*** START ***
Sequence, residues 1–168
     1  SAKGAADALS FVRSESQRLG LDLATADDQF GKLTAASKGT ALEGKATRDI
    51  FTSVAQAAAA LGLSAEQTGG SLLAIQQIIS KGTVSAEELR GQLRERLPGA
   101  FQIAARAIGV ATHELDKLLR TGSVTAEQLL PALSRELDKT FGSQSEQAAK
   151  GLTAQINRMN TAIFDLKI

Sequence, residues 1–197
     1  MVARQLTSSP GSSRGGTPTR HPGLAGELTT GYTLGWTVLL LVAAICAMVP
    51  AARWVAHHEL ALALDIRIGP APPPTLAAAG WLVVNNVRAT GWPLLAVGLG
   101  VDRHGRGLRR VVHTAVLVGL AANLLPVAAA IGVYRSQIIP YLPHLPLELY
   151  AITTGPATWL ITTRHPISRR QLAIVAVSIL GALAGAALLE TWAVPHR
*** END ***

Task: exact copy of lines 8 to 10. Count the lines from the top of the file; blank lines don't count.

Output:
    51  AARWVAHHEL ALALDIRIGP APPPTLAAAG WLVVNNVRAT GWPLLAVGLG
   101  VDRHGRGLRR VVHTAVLVGL AANLLPVAAA IGVYRSQIIP YLPHLPLELY
   151  AITTGPATWL ITTRHPISRR QLAIVAVSIL GALAGAALLE TWAVPHR